When the U.S. military began its now popularly termed “Asia pivot” a few years ago, the new outward focus on the Pacific region as a national military priority warranted some internal Defense Department focus on how to achieve the mission—to include bumping up the position for the U.S. Army Pacific commander from a three-star general to a four-star.
The U.S. Army is extending advanced communications to disadvantaged users, fielding a series of capabilities to various groups in an effort to give soldiers at the pointy end of the spear the connectivity they need. With the rollout, forward-deployed troops should be able to access classified networks via wireless 4G long-term evolution connections. National Guard units also are acquiring the tools to aid their troops in disaster response scenarios.
Fiscal year 2015 marks the official kickoff of a U.S. Army program to develop a foliage-penetrating radar that will simultaneously locate still objects and track moving objects from a fast-moving fixed-wing aircraft.
Awareness on the battlefield coupled with lighter loads for increased warfighter mobility are key enablers of the future fight. Brig. Gen. (P) Paul A. Ostrowski, USA, the program executive officer, Program Executive Office (PEO) Soldier, is focusing his organization on addressing those needs.
A new mobile operations fusion kit that provides easy, rapid and on-the-go interoperability for mobile field operations and communications piqued the interest recently of the U.S. Marine Corps’ research and development community.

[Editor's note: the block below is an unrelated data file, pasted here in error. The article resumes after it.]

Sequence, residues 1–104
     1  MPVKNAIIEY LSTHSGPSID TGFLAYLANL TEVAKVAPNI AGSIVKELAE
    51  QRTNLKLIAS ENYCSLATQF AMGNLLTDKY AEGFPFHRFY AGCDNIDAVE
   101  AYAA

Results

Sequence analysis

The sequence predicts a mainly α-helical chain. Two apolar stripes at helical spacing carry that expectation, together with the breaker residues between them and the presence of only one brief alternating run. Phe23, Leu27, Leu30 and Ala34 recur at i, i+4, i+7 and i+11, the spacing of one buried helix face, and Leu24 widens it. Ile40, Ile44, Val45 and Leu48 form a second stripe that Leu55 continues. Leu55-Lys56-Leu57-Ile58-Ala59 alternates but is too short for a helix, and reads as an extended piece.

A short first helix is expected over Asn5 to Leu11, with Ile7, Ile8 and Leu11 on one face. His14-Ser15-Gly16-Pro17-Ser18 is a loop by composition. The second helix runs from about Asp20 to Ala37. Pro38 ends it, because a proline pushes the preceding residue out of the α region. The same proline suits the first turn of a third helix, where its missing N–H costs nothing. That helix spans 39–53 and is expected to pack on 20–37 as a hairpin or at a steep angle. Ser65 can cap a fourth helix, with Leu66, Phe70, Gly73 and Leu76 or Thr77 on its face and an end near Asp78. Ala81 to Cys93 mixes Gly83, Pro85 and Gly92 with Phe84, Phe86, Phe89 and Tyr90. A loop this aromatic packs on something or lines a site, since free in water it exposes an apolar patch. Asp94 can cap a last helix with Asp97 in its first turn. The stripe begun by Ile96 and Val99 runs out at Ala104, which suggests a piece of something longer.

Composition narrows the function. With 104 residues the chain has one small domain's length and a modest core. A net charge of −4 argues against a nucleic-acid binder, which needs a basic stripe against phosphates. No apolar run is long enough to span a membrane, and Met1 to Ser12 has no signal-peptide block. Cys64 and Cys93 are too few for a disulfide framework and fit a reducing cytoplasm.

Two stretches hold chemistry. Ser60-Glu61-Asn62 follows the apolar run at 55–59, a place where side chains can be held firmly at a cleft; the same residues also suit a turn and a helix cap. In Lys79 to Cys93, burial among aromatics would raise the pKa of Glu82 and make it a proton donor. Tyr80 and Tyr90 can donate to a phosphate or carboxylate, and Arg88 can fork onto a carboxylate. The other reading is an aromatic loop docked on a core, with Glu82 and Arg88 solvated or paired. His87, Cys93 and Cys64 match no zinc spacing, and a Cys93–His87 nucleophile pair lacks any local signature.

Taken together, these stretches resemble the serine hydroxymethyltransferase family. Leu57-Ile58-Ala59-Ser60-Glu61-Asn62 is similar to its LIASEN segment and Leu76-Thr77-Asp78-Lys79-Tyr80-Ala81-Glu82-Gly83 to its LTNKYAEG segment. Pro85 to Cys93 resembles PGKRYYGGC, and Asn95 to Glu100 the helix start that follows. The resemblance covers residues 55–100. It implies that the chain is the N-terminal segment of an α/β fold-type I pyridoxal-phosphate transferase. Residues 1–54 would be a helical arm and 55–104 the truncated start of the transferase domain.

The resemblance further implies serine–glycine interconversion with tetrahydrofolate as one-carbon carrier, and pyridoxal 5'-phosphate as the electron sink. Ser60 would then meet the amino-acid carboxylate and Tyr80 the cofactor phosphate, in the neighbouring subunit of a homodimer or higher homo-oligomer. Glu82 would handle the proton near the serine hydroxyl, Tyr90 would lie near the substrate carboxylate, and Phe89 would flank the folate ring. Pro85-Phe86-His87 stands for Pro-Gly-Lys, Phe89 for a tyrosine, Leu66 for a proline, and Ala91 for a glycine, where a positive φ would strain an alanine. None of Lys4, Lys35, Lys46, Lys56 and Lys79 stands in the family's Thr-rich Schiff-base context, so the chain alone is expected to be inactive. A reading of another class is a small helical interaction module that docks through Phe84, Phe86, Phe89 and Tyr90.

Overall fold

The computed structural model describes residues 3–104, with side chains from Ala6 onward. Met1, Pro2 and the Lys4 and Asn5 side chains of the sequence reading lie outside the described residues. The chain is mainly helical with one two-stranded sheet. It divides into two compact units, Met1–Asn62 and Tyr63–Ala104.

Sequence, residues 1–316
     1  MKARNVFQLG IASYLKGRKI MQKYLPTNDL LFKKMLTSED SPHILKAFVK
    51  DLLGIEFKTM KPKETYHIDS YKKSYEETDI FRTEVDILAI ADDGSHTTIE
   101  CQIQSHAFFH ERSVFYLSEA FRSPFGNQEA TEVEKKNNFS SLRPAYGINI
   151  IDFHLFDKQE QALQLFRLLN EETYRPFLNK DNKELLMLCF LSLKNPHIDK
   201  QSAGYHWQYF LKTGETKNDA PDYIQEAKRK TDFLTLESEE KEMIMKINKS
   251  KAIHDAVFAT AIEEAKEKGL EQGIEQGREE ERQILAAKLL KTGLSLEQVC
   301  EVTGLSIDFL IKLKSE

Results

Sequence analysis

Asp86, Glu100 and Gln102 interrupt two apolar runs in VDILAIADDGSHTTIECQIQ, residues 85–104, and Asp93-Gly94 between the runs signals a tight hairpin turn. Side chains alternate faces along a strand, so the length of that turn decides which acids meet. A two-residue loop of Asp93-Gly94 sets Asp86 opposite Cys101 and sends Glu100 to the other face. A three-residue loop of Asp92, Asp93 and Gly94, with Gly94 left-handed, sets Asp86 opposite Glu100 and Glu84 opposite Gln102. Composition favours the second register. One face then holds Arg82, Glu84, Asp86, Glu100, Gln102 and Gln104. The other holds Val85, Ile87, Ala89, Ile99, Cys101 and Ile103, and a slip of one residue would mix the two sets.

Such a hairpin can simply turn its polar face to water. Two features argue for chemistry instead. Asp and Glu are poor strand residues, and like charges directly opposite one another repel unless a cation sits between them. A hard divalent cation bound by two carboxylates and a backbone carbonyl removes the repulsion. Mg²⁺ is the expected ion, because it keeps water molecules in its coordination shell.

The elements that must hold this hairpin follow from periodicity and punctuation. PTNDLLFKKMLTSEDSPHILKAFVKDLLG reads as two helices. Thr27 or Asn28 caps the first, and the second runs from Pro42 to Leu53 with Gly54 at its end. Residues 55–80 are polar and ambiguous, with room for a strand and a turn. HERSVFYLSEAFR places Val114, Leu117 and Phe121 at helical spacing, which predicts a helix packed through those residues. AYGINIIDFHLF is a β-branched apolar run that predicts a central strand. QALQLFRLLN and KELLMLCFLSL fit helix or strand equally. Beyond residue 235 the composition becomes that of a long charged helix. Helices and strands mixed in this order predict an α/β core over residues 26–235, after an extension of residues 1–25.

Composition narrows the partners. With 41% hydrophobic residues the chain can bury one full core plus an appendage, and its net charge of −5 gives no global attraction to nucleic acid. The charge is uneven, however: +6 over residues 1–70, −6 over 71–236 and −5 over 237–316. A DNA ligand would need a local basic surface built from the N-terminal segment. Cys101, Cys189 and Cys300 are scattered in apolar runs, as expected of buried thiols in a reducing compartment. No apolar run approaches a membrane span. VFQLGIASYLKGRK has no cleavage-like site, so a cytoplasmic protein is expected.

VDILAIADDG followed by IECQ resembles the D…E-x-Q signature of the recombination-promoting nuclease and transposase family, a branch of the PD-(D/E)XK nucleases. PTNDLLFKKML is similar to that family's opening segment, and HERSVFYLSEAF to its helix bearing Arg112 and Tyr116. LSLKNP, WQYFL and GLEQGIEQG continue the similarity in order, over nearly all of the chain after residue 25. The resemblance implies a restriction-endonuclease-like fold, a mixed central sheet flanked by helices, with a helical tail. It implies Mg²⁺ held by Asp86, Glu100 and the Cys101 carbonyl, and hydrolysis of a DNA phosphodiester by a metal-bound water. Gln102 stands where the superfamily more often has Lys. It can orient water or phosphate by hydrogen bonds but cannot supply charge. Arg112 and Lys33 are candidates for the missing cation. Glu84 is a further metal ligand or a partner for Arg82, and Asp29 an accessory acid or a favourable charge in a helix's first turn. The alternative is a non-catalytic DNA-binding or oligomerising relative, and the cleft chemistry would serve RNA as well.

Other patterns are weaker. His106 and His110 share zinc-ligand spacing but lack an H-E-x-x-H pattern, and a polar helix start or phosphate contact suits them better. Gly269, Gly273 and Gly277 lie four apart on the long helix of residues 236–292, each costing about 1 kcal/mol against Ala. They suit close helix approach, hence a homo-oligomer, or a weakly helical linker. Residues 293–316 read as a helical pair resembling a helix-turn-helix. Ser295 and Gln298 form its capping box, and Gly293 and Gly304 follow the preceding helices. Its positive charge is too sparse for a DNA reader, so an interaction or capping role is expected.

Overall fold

The U.S. Army is preparing—for the first time—to develop and field micro robotic systems under programs of record, indicating confidence that the technology has matured and years of research are paying off. The small systems will provide individual soldiers and squads with critical intelligence, surveillance and reconnaissance data in jungles, buildings and caves that larger systems can’t reach.
A small form factor device that will allow communications from low-level unclassified networks up to high-level secret classified networks has completed the development stage and is in the process of transferring to its new program.
When the U.S. Air Force needed a new secure satellite communications system, one company was able to show up at the starting line with an 80 percent solution based on an existing product line serving the Army and the Navy.